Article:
What connects the shipwreck of a migrant boat off the coast of Greece to international students fighting for a place in Canada? The dangerous risks many are forced to take to in order to navigate around hard-to-decipher immigration systems, say some who work in the field.
And for some, that means relying on risky, unlicensed immigration consultants or “agents” tied to smuggling rings — a risk experts warn needs to be taken seriously.
Hundreds of people are missing after a smuggling boat carrying migrants to Europe sank off the coast of Western Greece on June 14. The migrants on the boat were believed to be Egyptians, Syrians, Pakistanis and Palestinians.
In Pakistan, a country facing an economic crisis following a devastating flood last year, authorities have arrested seven people who allegedly played key roles in a human trafficking ring that put people on the boat. Nine arrests were made in Greece as well, where a court ordered their detention in the southern city of Kalamata.
Each of those who tried to make the perilous journey to Europe — hoping for a better life — paid the smugglers between $5,000 to $8,000, according to the Associated Press.
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The role of insidious agents and consultants has also come into sharp relief in Canada, where hundreds of international students say they have fallen victim to a fake admissions letter scheme.
The students, facing deportation, had launched a protest last month. It was only after immigration minister Sean Fraser promised to put the deportations on hold that the students ended their protest.
According to the students, those facing deportation orders came to Canada in 2017 and 2018 on student permits after they were issued “fake college admission letters drafted by their immigration consultants, namely a Jalandhar-based consultant named Brijesh Mishra.”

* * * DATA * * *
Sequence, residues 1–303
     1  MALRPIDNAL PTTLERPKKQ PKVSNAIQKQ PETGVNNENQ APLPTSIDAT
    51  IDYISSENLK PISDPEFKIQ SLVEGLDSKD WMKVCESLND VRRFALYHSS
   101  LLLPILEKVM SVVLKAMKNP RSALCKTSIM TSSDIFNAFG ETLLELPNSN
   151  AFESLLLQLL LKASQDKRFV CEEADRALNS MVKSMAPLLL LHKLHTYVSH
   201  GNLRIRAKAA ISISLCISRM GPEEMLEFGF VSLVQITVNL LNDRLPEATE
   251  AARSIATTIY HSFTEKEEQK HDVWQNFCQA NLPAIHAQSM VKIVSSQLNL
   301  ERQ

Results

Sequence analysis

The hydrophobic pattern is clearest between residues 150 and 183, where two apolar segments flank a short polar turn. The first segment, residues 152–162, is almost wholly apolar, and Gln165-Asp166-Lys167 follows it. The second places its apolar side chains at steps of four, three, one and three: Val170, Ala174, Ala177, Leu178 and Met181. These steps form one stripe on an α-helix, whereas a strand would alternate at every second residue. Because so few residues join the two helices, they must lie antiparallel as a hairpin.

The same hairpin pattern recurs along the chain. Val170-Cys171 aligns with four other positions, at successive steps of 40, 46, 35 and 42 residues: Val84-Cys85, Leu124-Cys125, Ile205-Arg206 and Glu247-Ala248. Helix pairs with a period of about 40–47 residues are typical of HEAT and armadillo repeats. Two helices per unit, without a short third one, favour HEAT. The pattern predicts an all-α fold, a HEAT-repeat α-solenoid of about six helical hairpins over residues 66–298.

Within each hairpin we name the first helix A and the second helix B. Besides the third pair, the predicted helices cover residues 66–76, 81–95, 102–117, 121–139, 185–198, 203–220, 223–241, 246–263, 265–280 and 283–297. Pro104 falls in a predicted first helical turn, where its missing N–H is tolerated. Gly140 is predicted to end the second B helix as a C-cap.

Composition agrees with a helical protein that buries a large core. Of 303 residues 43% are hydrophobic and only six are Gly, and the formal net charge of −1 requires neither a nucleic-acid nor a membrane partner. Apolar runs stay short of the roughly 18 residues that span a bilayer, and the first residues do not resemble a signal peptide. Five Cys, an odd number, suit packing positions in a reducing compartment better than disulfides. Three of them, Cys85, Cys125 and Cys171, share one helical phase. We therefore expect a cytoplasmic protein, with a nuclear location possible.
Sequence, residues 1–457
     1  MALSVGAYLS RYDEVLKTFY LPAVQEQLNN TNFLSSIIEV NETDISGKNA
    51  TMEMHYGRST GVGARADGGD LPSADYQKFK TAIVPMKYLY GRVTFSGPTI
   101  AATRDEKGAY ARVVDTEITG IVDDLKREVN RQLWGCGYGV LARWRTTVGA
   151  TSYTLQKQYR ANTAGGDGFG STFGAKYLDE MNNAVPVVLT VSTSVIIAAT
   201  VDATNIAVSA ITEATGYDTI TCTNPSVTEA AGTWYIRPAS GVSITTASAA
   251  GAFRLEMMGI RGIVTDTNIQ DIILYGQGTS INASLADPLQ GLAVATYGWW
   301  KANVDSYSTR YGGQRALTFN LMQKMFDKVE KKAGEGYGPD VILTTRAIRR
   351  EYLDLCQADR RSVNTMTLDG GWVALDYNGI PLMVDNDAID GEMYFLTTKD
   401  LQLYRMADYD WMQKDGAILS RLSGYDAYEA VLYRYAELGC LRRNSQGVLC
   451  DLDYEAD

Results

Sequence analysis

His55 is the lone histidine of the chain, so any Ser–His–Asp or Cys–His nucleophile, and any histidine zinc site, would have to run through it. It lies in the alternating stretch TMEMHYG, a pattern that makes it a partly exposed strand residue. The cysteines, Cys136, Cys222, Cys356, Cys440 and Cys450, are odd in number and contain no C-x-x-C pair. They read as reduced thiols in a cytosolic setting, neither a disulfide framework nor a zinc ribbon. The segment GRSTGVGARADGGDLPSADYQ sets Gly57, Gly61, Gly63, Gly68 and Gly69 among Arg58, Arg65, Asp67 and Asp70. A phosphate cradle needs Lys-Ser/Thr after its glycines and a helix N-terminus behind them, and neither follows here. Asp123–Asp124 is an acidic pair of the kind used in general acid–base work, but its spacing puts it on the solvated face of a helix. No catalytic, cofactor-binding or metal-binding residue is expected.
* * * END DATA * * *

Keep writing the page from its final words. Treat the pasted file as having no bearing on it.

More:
Mishra, the consultant accused of the forgeries, has not been seen in months.
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Bikram Singh Kullewal is a member of the Naujawan Support Network, a Brampton, Ont.-based advocacy group. He said the difficulty navigating immigration and asylum is pushing vulnerable migrants into the hands of unregulated consultants and risky situations.
“When you are sick, you go to the doctor. When you need your car fixed, you go to a mechanic. When you are desperate to leave an economic crisis, you go to anyone who tells you they will get you out,” he said in Punjabi during a translated interview with Global News.
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Kullewal said uncomplicating the Canadian immigration system and offering easy pathways to permanent residency for students and foreign workers could help reduce their dependence on such agents.
When Fraser announced a task force into the alleged admissions scam, he said that the number of people trying to take advantage of Canada’s immigration system was in the “thousands” and that Ottawa would be working to tackle this issue.
But governments including Canada’s have a responsibility to do more to ensure that prospective migrants are made aware of how to spot someone unlicensed or risky, says Manan Gupta, a registered Canadian immigration consultant (RCIC) also based in Brampton.
“There is a serious lack of awareness among many migrants, especially those from rural backgrounds, about how to navigate the immigration system in many Western countries, including Canada,” Gupta says.
“You can look up any regulated and licensed Canadian consultant on the website of the College of Immigration and Citizenship (CICC), but most people don’t know that.”
But that is a tall order, Kullewal said.
“Canada’s immigration system is very overwhelming even if you speak fluent English. For people who don’t speak the language, it can feel like an impossible task. No wonder people are attracted to bad actors who know the system well.”
At times, unlicensed operators can appear to cost less than licensed consultants as well, Gupta added. But in the long run, the costs can be dire.
“Rural families in Punjab often mortgage lands and property to send their sons and daughters to Canada. This is a big draw for them. But it’s not worth it in the long term if you fall victim to a fraud scheme,” he said.
“I want young people to remember that nothing is more important than their lives.”
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